For this next installment of Ellen Glendinning Frazer’s photographic chronicle, I selected images from more than ten volumes containing several thousand photographs from 1942 to 1945 and arranged them within two separate topical headings: Social Rites: War and Weddings and At Ease: Chestnut Hill, Watch Hill, Mackay Point Plantation, Long Island, and Palm Beach.
The first section relates how the war directly affected the Glendinning- Frazer family and their Social Register friends, combining Ellen’s photographs with a detailed archival record of wartime documents, newspaper accounts, and ephemera. It portrays the era’s s predilection for brief romances, big weddings, and overnight honeymoons before husbands and sons shipped out to Normandy beaches and Italian trenches.
Western Union telegrams and handwritten letters from the heart convey how WW II affected every American family who shared the same passions and intense patriotism no matter how separated by social class. And no matter the circumstance or sacrifice, Chestnut Hill weddings were done by the book from the church to the champagne.
The second part records the activities Ellen Frazer and her set exercised as distractions from ration cards and blackouts that placed them out of harm’s way whether a traditional Chestnut Hill hunt breakfast at The Squirrels or a weekend at Mackay Point, George Widener’s low country plantation in South Carolina. During this period Palm Beach became the predominate getaway.
While many Palm Beach mansions closed during the war, the Glendinning-Frazers spent time at Casa dei Leoni, their Worth Avenue lakefront house, and at Villa Tranquilla, Felix and Ann du Pont’s oceanfront estate. With the Everglades Club often hosting “at homes” for army officers, Club du Pont, as Ellen called it, became a refuge for many of the Wilmington-Philadelphia-New York social network.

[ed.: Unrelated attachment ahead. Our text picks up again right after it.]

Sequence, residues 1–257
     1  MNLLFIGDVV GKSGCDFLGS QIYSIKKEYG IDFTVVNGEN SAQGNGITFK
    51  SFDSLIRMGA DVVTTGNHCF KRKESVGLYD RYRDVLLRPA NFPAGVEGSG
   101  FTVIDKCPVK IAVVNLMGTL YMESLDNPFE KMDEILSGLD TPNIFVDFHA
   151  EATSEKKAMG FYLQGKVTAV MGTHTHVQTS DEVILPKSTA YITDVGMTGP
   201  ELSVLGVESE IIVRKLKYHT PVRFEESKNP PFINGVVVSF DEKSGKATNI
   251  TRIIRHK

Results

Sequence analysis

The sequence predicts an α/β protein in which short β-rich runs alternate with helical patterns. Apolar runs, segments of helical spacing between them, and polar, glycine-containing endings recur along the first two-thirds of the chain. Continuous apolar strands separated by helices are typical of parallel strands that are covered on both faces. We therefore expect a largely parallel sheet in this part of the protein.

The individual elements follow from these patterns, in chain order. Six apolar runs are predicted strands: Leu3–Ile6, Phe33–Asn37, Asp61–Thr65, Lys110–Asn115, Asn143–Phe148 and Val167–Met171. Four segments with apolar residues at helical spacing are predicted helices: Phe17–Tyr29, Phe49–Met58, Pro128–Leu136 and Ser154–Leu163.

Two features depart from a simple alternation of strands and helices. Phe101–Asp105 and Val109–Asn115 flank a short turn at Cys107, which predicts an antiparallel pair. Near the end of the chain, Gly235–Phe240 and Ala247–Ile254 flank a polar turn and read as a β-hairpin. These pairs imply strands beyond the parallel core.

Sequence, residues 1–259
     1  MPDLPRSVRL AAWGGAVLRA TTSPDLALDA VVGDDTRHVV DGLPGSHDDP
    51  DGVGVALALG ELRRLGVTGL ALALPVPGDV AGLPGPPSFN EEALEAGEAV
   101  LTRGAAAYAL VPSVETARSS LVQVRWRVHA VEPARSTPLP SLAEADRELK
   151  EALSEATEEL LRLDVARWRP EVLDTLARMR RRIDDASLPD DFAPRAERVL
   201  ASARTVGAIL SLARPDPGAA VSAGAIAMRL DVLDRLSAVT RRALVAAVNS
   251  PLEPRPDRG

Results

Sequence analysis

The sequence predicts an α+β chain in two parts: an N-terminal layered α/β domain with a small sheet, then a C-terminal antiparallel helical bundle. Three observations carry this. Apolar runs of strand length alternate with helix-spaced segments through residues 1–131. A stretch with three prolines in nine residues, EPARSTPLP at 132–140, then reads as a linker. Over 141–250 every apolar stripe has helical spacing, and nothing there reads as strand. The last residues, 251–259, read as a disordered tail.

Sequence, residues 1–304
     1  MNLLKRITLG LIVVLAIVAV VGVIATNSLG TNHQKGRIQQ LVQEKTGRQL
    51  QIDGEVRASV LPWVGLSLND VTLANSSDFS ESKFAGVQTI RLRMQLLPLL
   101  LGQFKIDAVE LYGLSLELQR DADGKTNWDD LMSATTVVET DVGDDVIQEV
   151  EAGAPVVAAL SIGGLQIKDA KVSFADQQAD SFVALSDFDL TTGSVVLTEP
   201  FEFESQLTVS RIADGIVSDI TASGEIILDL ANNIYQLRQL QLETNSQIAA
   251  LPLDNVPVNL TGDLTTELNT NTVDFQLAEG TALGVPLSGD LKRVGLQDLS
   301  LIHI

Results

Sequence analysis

Social Rites: World War II and Weddings, 1942-1945
Wartime Palm Beach
Palm Beach residents mobilized to provide support for the troops much like every other town in the nation. While flower shows may have been supplanted by the need to tend victory gardens and midnight dinner dances replaced with providing home-cooked meals for servicemen, Palm Beach because of its resources became a focus for providing “civilian defense and war relief.”
Oceanfront beach clubs became observation points for German U-boats invading the waters off the Florida shore. The Breakers and the Biltmore hotels were converted into military uses. The Breakers rolled up its carpets and stowed away its paintings to become the Ream General Hospital for hundreds of recovering soldiers, specializing in plastic surgery and neuropsychiatric care. The Biltmore became a US Naval Special Hospital and a Coast Guard Women’s reserve training facility for SPARS. The Everglades Club and the Four Arts hosted “at homes” for officers.
The towns leading socialites hosted the Volunteers for Victory Canteen at the corner of Worth Avenue and South County Road. The south end of the public beach was reserved for use of the troops.
Wartime Weddings, 1942-1945
“A Newport debutante is married …”
Bettina Frazer and Hugh Gayle Bayne
21 March 1942
Virginia Glendinning and John Edward Zimmermann
16 May 1942
Nina Cooke and Alan Lukens Emlen
30 December 1944
Persifor Frazer IV and Mary Vaughan “Mollie Williams
15 August 1942
To be continued: Social Rites; 1942-1945
At Ease: Chestnut Hill, Long Island, Watch Hill, Mackay Point Plantation, and Palm Beach